On March 3, 2014, NBC news reporter Erik Ortiz published an online news article titled: ‘Dying Art?’: Forensic Artists Face a Digital Future. The article highlights the struggle between traditional forensic artists and software programs that create composite images. This subject is one that law enforcement has long struggled with. That’s because for years, a shortage of trained forensic artists forced them to use software programs that left them unsatisfied. But, in the absence of a well-trained forensic artist, it was all they had.
Today that’s changed. There are more trained forensic artists available for them to choose from. But alternatively, there is also better technology solutions for them to choose from. With the downturn in the economy, law enforcement has been forced once again to seek out less costly technology solutions to fight crime. One solution that is become increasingly popular with law enforcement is SketchCop FACETTE Face Design System, a facial composite software program that allows its users to create sketch-like composites that rival the work of many practicing forensic artists, for less the cost.
n his article, Ortiz does a great job of examining both perspectives, providing the reader with a fair and balanced view of the topic. From the outset though, it is obvious that forensic artists have a narrow view of the reality that with diminishing budgets, law enforcement must leverage the best available technology to fight crime. Training a qualified forensic artist is expensive, acquiring good technology and keeping up with it, not so much. Especially where creating composite images is concerned. I was quoted in the article about my thoughts on technology versus the forensic artist, especially where SketchCop FACETTE was concerned. And while I don’t believe the ‘art’ is dying, I do believe it is evolving.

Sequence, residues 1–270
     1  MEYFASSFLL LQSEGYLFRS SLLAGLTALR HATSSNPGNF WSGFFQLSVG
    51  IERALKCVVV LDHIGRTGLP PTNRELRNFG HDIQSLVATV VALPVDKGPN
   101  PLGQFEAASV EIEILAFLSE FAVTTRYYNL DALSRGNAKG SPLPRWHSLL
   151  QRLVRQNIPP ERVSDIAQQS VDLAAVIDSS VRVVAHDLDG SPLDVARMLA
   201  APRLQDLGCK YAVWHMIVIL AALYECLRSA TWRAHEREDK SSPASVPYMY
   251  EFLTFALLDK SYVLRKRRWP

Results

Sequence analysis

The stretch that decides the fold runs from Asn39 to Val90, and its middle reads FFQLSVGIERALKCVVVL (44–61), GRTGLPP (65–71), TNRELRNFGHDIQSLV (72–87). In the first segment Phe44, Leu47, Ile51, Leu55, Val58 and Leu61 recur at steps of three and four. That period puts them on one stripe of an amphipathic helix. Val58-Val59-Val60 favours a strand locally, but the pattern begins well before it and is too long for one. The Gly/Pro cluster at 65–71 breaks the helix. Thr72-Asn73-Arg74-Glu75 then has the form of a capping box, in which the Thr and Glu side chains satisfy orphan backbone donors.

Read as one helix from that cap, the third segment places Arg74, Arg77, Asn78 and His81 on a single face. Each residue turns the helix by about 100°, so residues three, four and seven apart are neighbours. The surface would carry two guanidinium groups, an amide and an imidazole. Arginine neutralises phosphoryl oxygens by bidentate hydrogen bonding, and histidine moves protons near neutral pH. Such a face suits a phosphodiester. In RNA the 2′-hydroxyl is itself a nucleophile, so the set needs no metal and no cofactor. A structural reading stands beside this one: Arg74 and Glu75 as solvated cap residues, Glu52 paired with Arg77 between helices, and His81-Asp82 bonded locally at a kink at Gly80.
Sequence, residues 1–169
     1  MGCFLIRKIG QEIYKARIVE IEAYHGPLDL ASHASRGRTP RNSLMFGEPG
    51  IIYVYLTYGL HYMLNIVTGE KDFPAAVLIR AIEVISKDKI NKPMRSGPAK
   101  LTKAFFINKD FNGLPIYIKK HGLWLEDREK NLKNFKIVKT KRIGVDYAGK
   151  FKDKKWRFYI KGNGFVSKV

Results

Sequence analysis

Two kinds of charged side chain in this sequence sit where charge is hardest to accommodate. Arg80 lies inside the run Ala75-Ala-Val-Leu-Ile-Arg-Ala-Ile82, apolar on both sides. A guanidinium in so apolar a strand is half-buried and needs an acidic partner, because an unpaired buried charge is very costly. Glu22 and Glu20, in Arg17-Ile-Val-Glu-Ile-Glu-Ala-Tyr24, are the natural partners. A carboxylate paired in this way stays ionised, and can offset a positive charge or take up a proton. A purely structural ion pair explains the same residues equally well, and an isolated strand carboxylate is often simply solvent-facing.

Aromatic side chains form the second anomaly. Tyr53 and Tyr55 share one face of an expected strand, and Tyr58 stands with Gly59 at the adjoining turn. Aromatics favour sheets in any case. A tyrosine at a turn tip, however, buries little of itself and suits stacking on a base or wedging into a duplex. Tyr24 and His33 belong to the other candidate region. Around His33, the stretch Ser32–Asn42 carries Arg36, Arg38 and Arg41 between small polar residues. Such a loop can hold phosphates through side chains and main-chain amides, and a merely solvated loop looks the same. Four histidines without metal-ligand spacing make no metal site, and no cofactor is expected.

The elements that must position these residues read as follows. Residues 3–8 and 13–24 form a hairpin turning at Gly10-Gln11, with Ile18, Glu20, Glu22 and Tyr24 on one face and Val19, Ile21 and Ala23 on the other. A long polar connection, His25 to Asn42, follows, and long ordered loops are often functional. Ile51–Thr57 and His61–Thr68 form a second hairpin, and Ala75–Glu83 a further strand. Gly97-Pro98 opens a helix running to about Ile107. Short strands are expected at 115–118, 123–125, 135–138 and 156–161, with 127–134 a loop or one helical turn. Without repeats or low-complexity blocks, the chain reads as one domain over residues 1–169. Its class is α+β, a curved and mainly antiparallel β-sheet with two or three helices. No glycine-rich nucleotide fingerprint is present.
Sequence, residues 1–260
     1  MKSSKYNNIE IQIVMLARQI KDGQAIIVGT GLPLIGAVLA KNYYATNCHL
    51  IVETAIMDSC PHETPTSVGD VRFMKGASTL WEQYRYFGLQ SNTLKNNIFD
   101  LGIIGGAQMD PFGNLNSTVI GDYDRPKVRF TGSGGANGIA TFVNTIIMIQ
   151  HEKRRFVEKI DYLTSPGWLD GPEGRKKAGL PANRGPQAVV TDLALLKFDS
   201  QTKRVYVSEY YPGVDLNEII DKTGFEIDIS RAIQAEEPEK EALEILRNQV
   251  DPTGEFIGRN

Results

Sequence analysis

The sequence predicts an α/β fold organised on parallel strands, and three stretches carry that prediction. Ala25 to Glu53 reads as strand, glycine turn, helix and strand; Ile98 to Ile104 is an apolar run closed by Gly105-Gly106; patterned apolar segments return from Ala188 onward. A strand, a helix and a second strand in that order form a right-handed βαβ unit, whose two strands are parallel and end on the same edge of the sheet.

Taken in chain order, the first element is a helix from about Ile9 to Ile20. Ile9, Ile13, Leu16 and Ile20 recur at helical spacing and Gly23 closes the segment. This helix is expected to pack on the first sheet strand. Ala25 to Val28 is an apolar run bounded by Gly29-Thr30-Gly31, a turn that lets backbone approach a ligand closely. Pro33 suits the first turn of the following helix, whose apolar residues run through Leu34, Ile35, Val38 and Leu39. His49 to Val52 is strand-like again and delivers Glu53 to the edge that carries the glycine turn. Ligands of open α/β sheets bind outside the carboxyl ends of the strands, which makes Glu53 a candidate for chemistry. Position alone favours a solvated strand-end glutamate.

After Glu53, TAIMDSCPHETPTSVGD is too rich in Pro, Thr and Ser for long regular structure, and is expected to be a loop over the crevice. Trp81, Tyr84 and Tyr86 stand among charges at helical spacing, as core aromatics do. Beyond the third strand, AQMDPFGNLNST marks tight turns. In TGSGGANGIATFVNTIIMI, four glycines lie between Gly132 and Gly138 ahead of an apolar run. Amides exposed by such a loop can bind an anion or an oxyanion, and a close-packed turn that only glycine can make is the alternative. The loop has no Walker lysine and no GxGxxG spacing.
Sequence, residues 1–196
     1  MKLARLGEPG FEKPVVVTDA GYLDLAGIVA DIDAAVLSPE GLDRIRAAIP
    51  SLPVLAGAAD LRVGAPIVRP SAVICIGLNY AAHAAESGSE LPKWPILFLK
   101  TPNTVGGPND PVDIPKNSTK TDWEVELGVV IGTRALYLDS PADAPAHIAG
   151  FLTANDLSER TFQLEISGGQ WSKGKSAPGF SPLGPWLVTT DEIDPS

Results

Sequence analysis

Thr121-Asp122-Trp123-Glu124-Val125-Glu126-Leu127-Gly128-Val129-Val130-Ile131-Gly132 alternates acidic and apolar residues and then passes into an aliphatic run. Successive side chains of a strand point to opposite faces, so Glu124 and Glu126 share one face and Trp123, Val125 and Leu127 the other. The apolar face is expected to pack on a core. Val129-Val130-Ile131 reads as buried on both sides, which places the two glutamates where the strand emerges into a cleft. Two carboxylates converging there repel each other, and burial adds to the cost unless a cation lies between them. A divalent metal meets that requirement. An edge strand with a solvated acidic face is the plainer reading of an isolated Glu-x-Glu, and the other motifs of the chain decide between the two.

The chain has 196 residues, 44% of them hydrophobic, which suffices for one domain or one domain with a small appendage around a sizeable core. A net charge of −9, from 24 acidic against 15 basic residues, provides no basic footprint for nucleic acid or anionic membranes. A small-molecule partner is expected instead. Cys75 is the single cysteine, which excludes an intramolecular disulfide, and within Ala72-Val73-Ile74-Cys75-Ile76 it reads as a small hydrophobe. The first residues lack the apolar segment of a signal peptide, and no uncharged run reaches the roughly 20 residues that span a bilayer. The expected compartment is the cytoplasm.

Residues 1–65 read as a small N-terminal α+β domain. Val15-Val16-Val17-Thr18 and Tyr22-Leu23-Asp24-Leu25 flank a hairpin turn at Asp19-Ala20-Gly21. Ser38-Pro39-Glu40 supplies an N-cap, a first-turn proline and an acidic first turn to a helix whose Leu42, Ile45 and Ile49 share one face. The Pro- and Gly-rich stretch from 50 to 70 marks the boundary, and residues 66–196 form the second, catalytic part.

It is evolving because great software programs like SketchCop FACETTE allow more people to get involved in the process of creating composite images. What was once exclusive to forensic artists, is now available to a wider audience of law enforcement personnel. Those who possess good communication skills, along with basic computer knowledge, are perfect candidates for using our software. With SketchCop FACETTE, they can create composite images that are every bit as effective as those created by a forensic artist. With advanced computer skills, or even elementary art skills, users can push the software further. This makes SketchCop FACETTE attractive to many law enforcement agencies who are seeking a cost-effective solution to creating composite images.
Another attractive reason for using SketchCop FACETTE is SketchCop Solutions’ dedication to offering quality training and support. The software and training was created by one the country’s most experienced police sketch artists. SketchCop Solutions’ extensive background in the field of facial imaging allows our law enforcement clients to take advantage of our field experience.
As a forensic artist myself, I don’t believe that I will ever become obsolete. My role may change, but because I possess other valuable skills that aid law enforcement, there will always be room for both pencils and pixels. For now though, I am excited to be leading the evolution of how composite images are created with SketchCop FACETTE.
To learn more, go to our Contact Page to request your demo version of SketchCop FACETTE.
To read Erik Ortiz’s article click on the link: http://www.nbcnews.com/news/crime-courts/dying-art-forensic-sketch-artists-face-digital-future-n41421